While walking a huge loop across the cotton fields south of Jalal-Abad City, at least 15 semi-trucks honk as they drive by, all of them sporting “Bishkek – open seat” in the windshield. I can tell you now that Peace Corps wouldn’t be happy with a volunteer hitching a 12-hour ride in a semi, but I’ve added it to my secret bucket list for my time here.
“Glamorous” is the last word I would ever use to describe my university’s bathrooms. They’re housed in a brick hut behind the gated sports court; the ladies’ room sporting a row of cracked porcelain squat pots. There are no doors to give occupants privacy, only waist-high (at least, Kyrgyz-height-waist-high) dividers. With no toilet paper provided, people resort to ripping pages out of their copybooks to wipe. I once even saw one especially resourceful person tearing a copy of her passport in two.
With a carful of hungry men, at least an hour until it’s appropriately late to show up to a wedding. They can’t wait an hour to feast on four courses of meat, so we make a pitstop at a hole-in-the-wall burger joint. Tables of jigitsdrink tea and repeat the Kyrgyz words Nicole and I sprinkle into the English conversation. “Do gamburgers in Kyrgyzstan taste like American gamburgers?” Kamardin asks, trying to convey a “keep-it-cool” attitude. Any semblance of “keeping-it-cool” disappears when both Nicole and I shake our heads that “no,” in fact, “gamburgers in America don’t taste like this.”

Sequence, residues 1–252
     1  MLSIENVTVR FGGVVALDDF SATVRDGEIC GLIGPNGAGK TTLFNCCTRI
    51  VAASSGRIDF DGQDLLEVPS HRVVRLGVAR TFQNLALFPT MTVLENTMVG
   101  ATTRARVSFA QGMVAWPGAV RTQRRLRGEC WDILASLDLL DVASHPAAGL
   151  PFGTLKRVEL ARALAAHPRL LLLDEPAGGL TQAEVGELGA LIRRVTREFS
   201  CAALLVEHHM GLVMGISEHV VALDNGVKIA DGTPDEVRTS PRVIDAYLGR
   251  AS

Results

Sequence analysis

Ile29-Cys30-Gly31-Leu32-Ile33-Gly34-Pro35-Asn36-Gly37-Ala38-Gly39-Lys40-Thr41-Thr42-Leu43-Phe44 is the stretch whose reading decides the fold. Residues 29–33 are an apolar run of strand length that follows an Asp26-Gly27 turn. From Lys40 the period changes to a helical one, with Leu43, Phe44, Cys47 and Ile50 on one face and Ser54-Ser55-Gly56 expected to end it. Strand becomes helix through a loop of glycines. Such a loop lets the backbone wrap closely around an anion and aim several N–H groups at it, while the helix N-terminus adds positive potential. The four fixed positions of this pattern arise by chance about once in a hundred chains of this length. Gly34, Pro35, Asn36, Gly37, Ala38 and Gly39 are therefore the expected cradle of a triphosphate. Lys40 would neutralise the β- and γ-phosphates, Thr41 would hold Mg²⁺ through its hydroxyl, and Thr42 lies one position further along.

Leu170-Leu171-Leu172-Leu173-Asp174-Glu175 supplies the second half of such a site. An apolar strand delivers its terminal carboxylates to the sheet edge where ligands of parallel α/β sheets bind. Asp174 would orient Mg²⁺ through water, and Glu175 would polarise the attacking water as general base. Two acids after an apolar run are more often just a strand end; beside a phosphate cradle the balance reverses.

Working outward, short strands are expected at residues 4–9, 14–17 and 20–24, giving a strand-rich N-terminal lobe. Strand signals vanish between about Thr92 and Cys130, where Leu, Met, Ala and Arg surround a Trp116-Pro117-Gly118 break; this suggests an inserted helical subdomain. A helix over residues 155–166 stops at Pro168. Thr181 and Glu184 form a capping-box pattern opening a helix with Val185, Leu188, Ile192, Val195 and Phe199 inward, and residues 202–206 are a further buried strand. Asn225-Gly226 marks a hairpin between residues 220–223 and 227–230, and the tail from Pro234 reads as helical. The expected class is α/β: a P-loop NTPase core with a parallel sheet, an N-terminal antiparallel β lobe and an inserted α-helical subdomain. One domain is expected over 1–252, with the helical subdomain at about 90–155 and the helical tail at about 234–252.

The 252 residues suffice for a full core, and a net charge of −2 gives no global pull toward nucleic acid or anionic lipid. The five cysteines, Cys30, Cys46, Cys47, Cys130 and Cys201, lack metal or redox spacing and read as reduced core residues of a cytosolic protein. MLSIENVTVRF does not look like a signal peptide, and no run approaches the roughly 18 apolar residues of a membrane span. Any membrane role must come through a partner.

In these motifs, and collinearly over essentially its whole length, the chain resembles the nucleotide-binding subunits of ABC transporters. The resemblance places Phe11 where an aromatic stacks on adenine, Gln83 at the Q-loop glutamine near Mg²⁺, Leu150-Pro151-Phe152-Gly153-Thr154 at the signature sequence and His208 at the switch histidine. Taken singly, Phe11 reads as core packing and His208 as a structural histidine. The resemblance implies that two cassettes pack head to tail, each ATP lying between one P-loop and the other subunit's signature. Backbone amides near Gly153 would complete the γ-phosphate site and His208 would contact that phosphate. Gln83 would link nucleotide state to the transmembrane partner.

Streets specialize in trade here, and some streets smell better than others. Used shoes street or alcohol alley are nothing compared to the bread makers’ street. Tandyr oven after tandyr oven release a heavenly smell into the air: doughy, yeasty, crispy, warm, fresh bread.
Walking with a pumpkin pie in both hands, when a man yelled from across the street, “Are those for sale?” Clicking my tongue and walking away fast – you can’t have these pies, sir. Later in the day, carrying another pie to a student’s house for dinner, I’m standing outside a cafe when another person approaches to ask what I’m carrying. “Earlier today, two girls, I saw them with the same dish! Please tell me what this is, is it for sale?” It’s amazing how small Jalal-Abad is, given its status as the country’s third-biggest city.
I’m off on a week-long adventure to Osh, Hot Lake, Bishkek, and the world’s largest natural walnut forest – look forward to stories and pretty pictures.